16. ^ Schwartz, Ben. "The Comedy Behind the Tragedy". Chicago Reader. Retrieved 28 February 2015. 
  17. ^ The Candy Butcher (2016) p.152
  18. ^ Lenny Bruce: The Making of a Prophet (1989) p. 54-63
  19. ^ Lenny Bruce: The Making of a Prophet (1989) p. 276-229
  20. ^ Lenny Bruce: The Making a Prophet (1989)
  21. ^ The Candy Butcher (2016)
  22. ^ "The Museum of Television & Radio Presents Two Five-Letter Words: Lenny Bruce". The Paley Center for Media. Retrieved 28 February 2015. 
  23. ^ Lenny Bruce on YouTube
  24. ^ Kottler, Jeffrey A., Divine Madness: Ten Stories of Creative Struggle (San Francisco: Jossey-Bass, 2006), 221
  25. ^ Goldman, p. 124
  26. ^ Goldman, p. 133
  27. ^ "Chronology – The 50s". The Official Lenny Bruce Site. Mystic Liquid. Retrieved 28 November 2011. 
  28. ^ Gavin, James (3 October 1993). "A Free-Spirited Survivor Lands on Her Feet". The New York Times. Retrieved 12 November 2012. 
  29. ^ "Lenny Bruce". NNDB. Retrieved 28 November 2011.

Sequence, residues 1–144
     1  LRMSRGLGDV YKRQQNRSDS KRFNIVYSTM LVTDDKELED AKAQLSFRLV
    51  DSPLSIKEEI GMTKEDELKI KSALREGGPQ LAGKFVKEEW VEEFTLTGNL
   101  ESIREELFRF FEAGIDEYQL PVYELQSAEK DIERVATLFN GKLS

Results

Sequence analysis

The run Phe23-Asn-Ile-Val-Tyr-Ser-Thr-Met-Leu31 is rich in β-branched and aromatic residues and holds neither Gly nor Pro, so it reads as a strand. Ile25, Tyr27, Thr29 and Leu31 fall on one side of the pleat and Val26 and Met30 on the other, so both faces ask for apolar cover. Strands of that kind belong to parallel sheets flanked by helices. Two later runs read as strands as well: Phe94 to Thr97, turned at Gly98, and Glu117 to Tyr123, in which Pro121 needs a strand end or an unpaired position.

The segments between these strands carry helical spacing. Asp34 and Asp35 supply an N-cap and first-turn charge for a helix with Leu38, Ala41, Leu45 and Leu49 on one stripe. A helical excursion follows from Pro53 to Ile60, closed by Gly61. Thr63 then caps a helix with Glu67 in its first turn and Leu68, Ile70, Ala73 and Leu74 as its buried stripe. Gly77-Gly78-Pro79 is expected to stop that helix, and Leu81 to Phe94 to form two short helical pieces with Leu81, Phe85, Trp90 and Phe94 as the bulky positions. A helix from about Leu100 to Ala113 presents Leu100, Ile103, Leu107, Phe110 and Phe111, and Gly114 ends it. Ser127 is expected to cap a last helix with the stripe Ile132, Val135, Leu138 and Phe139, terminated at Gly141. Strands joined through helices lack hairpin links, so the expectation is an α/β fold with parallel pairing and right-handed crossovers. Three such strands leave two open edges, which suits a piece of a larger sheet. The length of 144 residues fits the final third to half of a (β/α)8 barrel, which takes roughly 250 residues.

30. ^ "Babe Ruth and Brother Matthias". Chatterfromthedugout.com. Retrieved 2013-12-05. 
  31. ^ "Lenny Bruce – Chronology". 
  32. ^ Bruce, Lenny. "To is a Preposition, Come is a Verb". The Trials of Lenny Bruce. University of Missouri-Kansas City. 
  33. ^ Gross, David C. English-Yiddish, Yiddish-English Dictionary: Romanized Hippocrene Books, 1995. p.144. ISBN 0-7818-0439-6
  34. ^ "Comedians in Courthouses Getting Cuffed: Lenny Bruce and George Carlin, December 1962". The Critic's Comic. Retrieved 28 February 2015. 
  35. ^ "Chronology – The 60′s | The Official Lenny Bruce Website". Lennybruceofficial.com. Retrieved 2013-12-05. 
  36. ^ Linder, Doug. "The Trials of Lenny Bruce". Famous Trials: The Lenny Bruce Trial 1964. Retrieved 28 February 2015.